The budget 2021 came as a huge surprise to us. Why? Well, considering the already crippled and limp economy, India needed their Finance Minister to deliver a bold and robust budget for 2021. Many heads expected the levy of a COVID tax to be imposed, which was the rumour doing the rounds.
Yet, when Nirmala Sitharaman delivered the budget, it spelled precision and finesse rather than an expected impending doom. Budget 2021 is bold, imaginative, and has a clear vision to keep the recovery of this economy going, and in the right direction. It also cemented the fact the economic reforms and policies of this government go far and beyond the normal.
Even with the farmers’ protest, the budget was looking like another dent in the Armor of this government, which it seems to have fully recovered from. The finance and economic policy of India for this year has proven that privatization is and will continue to be on top of the agenda for next few years. Let us look at some areas and sectors of the industry where the budget impacts the said industry’s stock markets and unlisted shares.
Unlisted Shares and Their Investment Benefits
Today’s corporate conundrum has been tagged as the age of start-ups. Every other day we find an innovation, a new idea, disruptions from business model to product model business innovation which not only does well but also provides employment and a boost to the economy. Many young and upcoming companies have grown fast and steady and broken many traditional returns on investment barriers.
Most companies wanting to escalate their growth, look for an option of an IPO and go public. Going public helps them and their investors to rake up the profits and dividends that are most sought after. The maximum part of the growth though happens before the company has gone public. What is the reason for this?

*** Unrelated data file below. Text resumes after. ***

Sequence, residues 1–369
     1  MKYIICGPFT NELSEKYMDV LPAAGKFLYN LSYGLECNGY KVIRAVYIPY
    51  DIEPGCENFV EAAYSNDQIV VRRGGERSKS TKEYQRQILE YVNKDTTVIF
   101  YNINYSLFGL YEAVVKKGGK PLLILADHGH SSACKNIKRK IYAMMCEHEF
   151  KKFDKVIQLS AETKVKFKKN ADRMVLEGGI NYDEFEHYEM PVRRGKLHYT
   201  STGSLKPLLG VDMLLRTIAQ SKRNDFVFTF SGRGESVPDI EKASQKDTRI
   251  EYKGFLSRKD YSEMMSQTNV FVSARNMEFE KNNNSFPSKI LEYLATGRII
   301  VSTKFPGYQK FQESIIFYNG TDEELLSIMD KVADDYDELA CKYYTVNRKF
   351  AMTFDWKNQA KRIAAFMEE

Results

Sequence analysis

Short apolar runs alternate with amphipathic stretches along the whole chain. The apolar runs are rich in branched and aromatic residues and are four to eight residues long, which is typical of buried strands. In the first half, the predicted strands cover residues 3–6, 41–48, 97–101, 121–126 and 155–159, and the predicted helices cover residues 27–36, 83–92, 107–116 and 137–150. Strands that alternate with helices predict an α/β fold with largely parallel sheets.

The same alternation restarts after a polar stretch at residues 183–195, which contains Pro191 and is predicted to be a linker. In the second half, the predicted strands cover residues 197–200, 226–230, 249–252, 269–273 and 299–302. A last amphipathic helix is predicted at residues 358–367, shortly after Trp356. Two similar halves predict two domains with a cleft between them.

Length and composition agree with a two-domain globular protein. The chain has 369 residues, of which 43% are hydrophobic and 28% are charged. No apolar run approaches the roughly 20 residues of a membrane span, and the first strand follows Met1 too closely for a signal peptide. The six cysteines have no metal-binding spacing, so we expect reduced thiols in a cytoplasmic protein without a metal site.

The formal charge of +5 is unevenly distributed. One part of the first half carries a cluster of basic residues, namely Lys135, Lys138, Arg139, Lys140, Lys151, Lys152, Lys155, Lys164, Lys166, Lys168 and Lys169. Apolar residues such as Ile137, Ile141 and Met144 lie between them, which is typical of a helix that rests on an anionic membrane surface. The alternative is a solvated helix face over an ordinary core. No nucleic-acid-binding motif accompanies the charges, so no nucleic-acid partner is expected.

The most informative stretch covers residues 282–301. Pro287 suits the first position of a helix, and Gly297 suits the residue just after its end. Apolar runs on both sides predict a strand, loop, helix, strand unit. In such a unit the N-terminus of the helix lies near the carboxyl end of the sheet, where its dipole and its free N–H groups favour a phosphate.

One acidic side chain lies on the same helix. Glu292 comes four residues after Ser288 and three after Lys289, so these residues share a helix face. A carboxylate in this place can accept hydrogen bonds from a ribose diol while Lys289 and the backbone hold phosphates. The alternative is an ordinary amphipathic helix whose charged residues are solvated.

Generally, the new companies start or are valued at lower price from seed stage to Pre round A – B—C…. Pre IPO and then IPO.
The advantage of early investing these companies is that an investor can catch them young and at relatively lower valuations. The above opportunities give an investor time to compound and amplify the returns in path for creating financial abundance.
Having said that, liquidity and high risk are some of the attributes to consider while buying or selling unlisted shares.
The prerequisite regulation for the company to be considered for exchange listing (NSE/BSE/MSEI) is to be in business for last 5 years and the company has to be profitable in the latest last 3 years of existence.
Effect on The Corporate Markets
The stock market emotions have been bubbling upwards since the declaration of the 2021 budget. From certain crash and burn it has maintained to stay buoyant. How? There has been no surprise tax or covid cess on the corporates. The finance minister has given an indicative growth of ~15% for financial year 2021-2022. The government has taken an aggressive stance on capital expenditure whilst also giving a clear pathway on fiscal deficit.
Most corporations have already begun to show strength and steady signs of recovery. Looking at the first quarter and the way it continues to rage forward, more than 29-30 companies in the NSE have reported not just recovery of losses but also bumper profits. This trend has outperformed the analyst’s estimation on maximum number of listed companies and thus the overall economy. The Indian GDP turned green in Q3FY21, with economy growing 0.4% on y-o-y basis.
If the implementation of the Budget 2021 announcement goes in the right direction, then it will not only increase corporate profits but also can give significant impetus to the Indian GDP.
The growth will also bring a major paradigm shift in investment cycles, equity flows, growth vs earnings comparisons, etc.
With a lot of uncertainty out of the economy, the stock market has slowly and steadily covered its deficits and gained from the COVID situation as well. The strategy has been spot-on in terms of raising money not by levying taxes but by bringing in digitization, privatization, and a substantial amount of disinvestment.
Summing It Up
Historically, the higher fiscal deficit has always been sensed negatively by the Stock Market, the only exception being this year, where although the fiscal deficit was highest after liberalisation at 9.5% of GDP in the year 2020-2021, it was the Government-backed stimulus which was the silver lining. The Budget 2021 too had the same theme to boost Indian economy led by capital expenditure, which was applauded well by the market, thus we saw one way rally on the upside for a week. This shows market do believe on the growth-oriented budget of India, continuing India’s journey towards USD 5 Tn economy.